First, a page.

Scotland’s care workforce grew by 1.5% to 211,510 in 2022, up from 208,360 the year previous, data have revealed.
Published by the Scottish Social Services Council (SSSC), numbers show the workforce makes up 7.8% of all employment in the country or one in 13 jobs. The workforce grew by 11.5% from 2013 when it reached 189,670.
Its report, Scottish Social Service Sector: Report on 2022 Workforce Data, found the biggest workforce increases were in housing support/care at home, day care of children services and nurse agencies. SSSC said this reflected a move towards more care being provided in people’s own homes and the expansion of free early learning and childcare.
Just over three-quarters of the workforce remained in the same post from the previous year, while the median age was highest in the public sector (46) and lowest in the private (40). Staff working in early years services in the private sector have the lowest median age (28).
The percentage of men working in the sector was 15%. However, it is around double or greater than that proportion in criminal justice social work and residential children’s services. The workforce is mainly employed on permanent contracts (83%).
‘As Scotland’s social work, social care and children and young people workforce continues to grow it’s a good time to recognise the valuable contribution they make helping people live the lives they want but also their contribution to the economy,’ said SSSC acting chief executive Maree Allison.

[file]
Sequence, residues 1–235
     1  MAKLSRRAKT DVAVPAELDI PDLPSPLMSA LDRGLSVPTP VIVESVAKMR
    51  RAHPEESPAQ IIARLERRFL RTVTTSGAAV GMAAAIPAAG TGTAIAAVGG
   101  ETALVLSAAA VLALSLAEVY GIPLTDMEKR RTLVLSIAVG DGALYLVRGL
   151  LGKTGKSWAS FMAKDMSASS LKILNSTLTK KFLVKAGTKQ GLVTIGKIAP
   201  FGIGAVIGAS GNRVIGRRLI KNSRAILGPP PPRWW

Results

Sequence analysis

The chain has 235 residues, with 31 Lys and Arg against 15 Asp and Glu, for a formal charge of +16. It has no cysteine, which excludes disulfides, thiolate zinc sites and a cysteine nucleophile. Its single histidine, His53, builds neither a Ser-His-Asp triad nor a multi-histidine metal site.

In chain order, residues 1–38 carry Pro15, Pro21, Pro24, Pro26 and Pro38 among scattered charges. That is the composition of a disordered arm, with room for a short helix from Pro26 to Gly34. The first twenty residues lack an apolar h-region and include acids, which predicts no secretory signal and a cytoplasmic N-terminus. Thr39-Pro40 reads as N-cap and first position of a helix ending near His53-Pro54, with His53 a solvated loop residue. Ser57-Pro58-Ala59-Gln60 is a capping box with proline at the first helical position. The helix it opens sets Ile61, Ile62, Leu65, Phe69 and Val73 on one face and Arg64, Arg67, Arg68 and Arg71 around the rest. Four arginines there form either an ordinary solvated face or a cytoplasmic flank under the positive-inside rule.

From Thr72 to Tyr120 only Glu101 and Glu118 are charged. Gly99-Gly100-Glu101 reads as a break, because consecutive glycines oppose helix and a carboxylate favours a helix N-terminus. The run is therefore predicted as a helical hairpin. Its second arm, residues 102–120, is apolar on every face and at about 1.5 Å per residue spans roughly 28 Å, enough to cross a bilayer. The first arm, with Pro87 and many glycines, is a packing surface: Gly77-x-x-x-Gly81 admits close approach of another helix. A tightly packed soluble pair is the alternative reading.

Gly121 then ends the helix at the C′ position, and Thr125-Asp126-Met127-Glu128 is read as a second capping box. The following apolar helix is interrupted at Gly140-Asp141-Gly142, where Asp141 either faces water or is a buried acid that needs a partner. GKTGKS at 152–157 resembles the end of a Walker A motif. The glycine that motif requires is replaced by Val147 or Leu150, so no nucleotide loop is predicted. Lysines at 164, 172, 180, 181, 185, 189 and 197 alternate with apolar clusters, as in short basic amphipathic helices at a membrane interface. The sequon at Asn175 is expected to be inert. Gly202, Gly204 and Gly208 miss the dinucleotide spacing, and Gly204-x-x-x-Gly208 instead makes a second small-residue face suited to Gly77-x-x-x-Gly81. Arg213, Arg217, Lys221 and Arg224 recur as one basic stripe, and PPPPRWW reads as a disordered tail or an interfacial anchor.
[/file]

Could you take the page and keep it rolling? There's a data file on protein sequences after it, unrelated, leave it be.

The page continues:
‘Representing one in 13 of all Scottish jobs there are lots and varied job roles available working with children, young people, adults and older people and we are working with Scottish government and other key partners to promote care as a career of choice.
‘Scotland’s ageing population means the workforce will need to continue to grow to meet increasing demand for services and our work supports workforce planning to meet that growing demand.’
Data released on the workforce came as First Minister Humza Yousaf pledged private and voluntary sector staff working in adult social care, children’s services and those who deliver funded early learning and childcare will receive at least £12 an hour.
The uplift will mean a rise of more than £2,000 a year for some staff in April 2024. The £12 minimum pay rate represents an increase of 10.1% from the £10.90 that was introduced in April 2023.